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CBC's Murdoch Mysteries Star Hélène Joy

Updated: Nov 20, 2018


Hélène Joy photo by Susan Findlay


Hélène Joy Murdoch Mysteries Star

Interviewed by Blaine Schlechter


The first thing I want to say is congratulations on season 12, not many shows even make it to 10 and you guys are on 12 already! Did you imagine the first day you walked onto the set as Dr. Julia Ogden, that you would still be playing her 12 seasons later?

Of course not, that’s just not how actors think (laughs). It’s normally one day at a time…one year at a time, so that’s just not something that you expect. It’s not something that you expect anywhere in the world, particularly in Canada. We just so rarely get more than three or maybe four. It’s certainly not to be expected ever.

Murdoch Mysteries airs Mondays at 8 p.m. (8:30 NT) on CBC, the CBC TV streaming app.


Never expected but always hoped for?

Even then, I don’t even know if I would have. It’s just something that never would have even occurred to me that it would be this way, so it’s still surprising.


Is there any one moment, episode or guest star that really stands out to you as a personal favorite in the past 12 seasons?

That’s a hard question. One thing that’s really interesting about working on a show for this length of time is how it all runs into one. It’s like one long train. It tends to be what’s most fresh in your mind because it’s such a long stretch. Right now I’m really enjoying the reoccurring character of Ruth Newsome, played by the actor Siobhan Murphy. I just think the Newsomes were incredible and something we can only do after this many years really. They’re quite larger than life and very broad comedic characters and I think they’re just really wonderful performers. But also it’s such a great thing to be able to do on a show especially after this many years, to just add that level of comedy. They keep finding new ways to bring back Ruth Newsome and now Julia and her are working side by side a little bit in the hospital so that’s been super fun.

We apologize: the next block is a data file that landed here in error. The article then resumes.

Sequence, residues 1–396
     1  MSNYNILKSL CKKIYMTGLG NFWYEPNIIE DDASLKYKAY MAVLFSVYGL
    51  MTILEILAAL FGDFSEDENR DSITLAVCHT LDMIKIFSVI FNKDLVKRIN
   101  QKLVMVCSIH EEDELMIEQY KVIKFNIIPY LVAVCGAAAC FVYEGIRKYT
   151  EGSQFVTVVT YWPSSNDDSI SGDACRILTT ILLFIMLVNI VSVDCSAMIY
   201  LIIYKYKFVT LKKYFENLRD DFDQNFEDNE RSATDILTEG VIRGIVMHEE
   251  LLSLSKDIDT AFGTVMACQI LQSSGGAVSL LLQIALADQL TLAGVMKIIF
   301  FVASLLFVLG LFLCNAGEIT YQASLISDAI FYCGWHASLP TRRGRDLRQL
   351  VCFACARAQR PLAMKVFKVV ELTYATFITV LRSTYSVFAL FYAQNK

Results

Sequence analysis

Yannick Bisson and Hélène Joy on screen of CBC's Murdoch Mysteries.


Your character of Dr. Ogden is a strong woman and has been through a lot in the show. She has also become a role model to many young females. What does that mean to you?

It’s incredibly flattering. It’s always surprising; you can’t imagine that that would be the case. If someone showed me Dr. Ogden the character on paper and said that she would be that, I would have found that hard to believe. Its Victorian times, it’s not extremely relatable to modern woman, but it seems that it is. At that time there were all kinds of challenges for woman – we couldn’t vote, we couldn’t work in the same way that men do, we had difficulty wearing clothing that made it easy to live – all of those very strange things. However, on its basis there are some weird similarities still prevalent today as we can see with all the things happening in recent history to do with women and the need for empowerment. They find that the fact that she is in such a repressed society and living with such confidence and such daring and sort of ignoring the rules in the way that she does it sort of stands to reason that she would end up being that role model for modern audiences.


Murdoch Mysteries is set in the late 1800/early 1900’s and the costumes and props are almost a character on their own. What is your favorite part of filming a period show like this and what is the most frustrating?

They go hand in hand strangely (laughs). My most favorite part is being transformed which has to do with hair and makeup and costuming. It’s rare as an actor to be able to step out of yourself to this degree. I look different and I’m not recognizable outside of costume. I know that for a fact because when I wander down the street I hear people talking about my show…I hear people talking about my character and they don’t know I’m standing next to them. I don’t look at all like Julia. So that is the amazing part of being able to do period shows, especially for the woman. It’s such a drastic change from what we have now. But that’s also the worst part (laughs), working in clothes that restrict your movement, day after day. Even the hair restricts your movement. If I want to have a nap it’s sort of difficult. That kind of restraint really wears down on you when you’re working 12 hours a day, you can’t get a really nice, deep, deep breath. You can’t move in a way you would normally like to move when you have leggings on in your normal life.